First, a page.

The male is white. The female is often slightly buffy;  the "underside of the hindwing and apex of the forewing may be distinctly yellow and normally have a gray cast,” Shapiro says. “The black dots and apical spot on the upperside tend to be faint or even to disappear really early in the season.”

The contest rules include:

  • It must be an adult (no caterpillars or pupae) and be captured outdoors.
  • It must be brought in alive to the department office, 2320 Storer Hall, UC Davis, during work hours, 8 a.m. to 5 p.m., Monday through Friday, with the full data (exact time, date and location of the capture) and your name, address, phone number and/or e-mail. The receptionist will certify that it is alive and refrigerate it. (If you collect it on a weekend or holiday, keep it in a refrigerator; do not freeze. A few days in the fridge will not harm it.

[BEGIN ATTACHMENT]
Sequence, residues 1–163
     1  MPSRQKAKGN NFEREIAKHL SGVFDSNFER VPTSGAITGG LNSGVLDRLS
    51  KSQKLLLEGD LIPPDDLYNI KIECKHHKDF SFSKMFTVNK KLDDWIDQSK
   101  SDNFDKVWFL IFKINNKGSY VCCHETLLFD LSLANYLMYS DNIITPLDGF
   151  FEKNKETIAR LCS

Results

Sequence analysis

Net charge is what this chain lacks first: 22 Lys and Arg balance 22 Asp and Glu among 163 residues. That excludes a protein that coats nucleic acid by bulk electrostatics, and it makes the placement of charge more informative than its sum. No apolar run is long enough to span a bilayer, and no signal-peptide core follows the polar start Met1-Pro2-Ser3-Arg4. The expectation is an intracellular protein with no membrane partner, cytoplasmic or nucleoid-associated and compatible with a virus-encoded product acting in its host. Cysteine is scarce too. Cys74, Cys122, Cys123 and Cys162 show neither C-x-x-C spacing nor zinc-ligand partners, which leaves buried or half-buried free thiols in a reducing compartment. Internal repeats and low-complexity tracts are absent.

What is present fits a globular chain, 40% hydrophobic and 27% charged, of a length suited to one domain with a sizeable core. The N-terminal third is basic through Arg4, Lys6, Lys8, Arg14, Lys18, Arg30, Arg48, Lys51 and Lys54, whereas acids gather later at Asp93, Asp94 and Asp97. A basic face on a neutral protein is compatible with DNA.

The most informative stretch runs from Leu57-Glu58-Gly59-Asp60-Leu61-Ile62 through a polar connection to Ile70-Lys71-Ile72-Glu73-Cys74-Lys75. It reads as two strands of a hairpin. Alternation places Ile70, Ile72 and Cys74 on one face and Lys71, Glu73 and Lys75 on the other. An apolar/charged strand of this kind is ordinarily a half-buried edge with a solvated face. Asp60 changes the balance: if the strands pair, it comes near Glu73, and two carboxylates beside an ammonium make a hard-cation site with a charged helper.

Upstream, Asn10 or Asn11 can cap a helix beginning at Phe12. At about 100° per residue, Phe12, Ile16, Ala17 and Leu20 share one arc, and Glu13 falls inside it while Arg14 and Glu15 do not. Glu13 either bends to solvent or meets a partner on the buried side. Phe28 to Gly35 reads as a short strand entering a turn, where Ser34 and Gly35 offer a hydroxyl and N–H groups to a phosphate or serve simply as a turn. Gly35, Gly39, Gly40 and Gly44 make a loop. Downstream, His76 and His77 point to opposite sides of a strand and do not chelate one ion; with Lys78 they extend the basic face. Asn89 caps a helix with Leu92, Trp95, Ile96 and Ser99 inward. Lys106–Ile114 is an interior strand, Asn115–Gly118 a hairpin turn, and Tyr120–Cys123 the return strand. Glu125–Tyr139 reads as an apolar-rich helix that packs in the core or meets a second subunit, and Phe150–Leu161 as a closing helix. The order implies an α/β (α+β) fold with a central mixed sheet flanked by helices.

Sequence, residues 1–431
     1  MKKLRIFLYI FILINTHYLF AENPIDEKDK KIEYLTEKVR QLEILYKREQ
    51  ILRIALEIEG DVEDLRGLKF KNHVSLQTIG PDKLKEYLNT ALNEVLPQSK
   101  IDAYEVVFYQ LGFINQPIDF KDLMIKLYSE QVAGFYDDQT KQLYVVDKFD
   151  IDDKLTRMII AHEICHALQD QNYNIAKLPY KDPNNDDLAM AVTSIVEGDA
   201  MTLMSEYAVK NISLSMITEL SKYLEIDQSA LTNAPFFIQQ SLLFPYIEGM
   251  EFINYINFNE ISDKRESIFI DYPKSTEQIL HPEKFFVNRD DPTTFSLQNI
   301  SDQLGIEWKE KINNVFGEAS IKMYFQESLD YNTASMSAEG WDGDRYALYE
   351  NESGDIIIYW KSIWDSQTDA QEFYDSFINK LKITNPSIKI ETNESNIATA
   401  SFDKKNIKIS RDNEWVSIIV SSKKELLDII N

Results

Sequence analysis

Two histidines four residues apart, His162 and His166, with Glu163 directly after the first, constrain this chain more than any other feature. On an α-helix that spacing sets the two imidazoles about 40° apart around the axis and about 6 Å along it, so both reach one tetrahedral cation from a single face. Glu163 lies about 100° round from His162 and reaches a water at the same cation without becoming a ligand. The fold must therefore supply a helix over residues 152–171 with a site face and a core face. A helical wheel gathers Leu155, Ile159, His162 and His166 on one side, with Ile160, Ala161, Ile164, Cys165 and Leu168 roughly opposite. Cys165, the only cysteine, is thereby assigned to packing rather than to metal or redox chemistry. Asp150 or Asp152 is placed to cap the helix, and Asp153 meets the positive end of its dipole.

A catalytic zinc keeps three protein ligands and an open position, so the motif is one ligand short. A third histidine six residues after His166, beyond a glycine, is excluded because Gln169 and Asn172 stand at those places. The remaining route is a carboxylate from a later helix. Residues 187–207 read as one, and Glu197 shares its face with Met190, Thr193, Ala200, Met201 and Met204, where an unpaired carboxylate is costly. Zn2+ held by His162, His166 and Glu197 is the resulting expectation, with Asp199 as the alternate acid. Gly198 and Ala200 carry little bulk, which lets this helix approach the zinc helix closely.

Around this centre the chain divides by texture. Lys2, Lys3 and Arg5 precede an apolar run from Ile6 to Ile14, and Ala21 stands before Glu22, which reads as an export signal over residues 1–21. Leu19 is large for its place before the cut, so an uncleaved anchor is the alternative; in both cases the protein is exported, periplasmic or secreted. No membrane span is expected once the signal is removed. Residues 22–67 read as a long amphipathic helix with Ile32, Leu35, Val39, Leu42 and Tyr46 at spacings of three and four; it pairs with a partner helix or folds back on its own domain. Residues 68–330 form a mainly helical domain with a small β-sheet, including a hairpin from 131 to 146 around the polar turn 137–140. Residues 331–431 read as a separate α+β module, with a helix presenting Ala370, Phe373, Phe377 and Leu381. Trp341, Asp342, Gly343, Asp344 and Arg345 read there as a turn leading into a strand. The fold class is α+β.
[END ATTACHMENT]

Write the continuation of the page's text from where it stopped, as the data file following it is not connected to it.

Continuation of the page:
• Shapiro is the sole judge.

Shapiro has been defeated only three times since 1972. And all were his graduate students. Adam Porter defeated him in 1983; and Sherri Graves and Rick VanBuskirk each won in the late 1990s.

Shapiro maintains a website on butterflies, where he records the population trends he monitors in Central California.  He and biologist/writer/photographer Tim Manolis co-authored A Field Guide to Butterflies of the San Francisco Bay and Sacramento Valley Regions, published in 2007 by the University of California Press.

A cabbage white butterfly on catmint in Vacaville, Solano County. (Photo by Kathy Keatley Garvey)
A cabbage white butterfly on catmint in Vacaville, Solano County. (Photo by Kathy Keatley Garvey)

A cabbage white butterfly on catmint in Vacaville, Solano County. (Photo by Kathy Keatley Garvey)

Posted on Friday, December 26, 2014 at 8:28 AM